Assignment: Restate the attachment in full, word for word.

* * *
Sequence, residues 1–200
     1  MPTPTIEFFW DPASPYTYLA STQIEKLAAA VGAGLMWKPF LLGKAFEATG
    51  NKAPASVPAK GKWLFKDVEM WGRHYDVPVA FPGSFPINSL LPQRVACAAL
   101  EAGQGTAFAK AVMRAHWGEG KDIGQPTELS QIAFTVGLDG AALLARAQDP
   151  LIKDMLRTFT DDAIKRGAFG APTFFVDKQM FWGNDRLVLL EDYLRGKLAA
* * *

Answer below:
Sequence, residues 1–200
     1  MPTPTIEFFW DPASPYTYLA STQIEKLAAA VGAGLMWKPF LLGKAFEATG
    51  NKAPASVPAK GKWLFKDVEM WGRHYDVPVA FPGSFPINSL LPQRVACAAL
   101  EAGQGTAFAK AVMRAHWGEG KDIGQPTELS QIAFTVGLDG AALLARAQDP
   151  LIKDMLRTFT DDAIKRGAFG APTFFVDKQM FWGNDRLVLL EDYLRGKLAA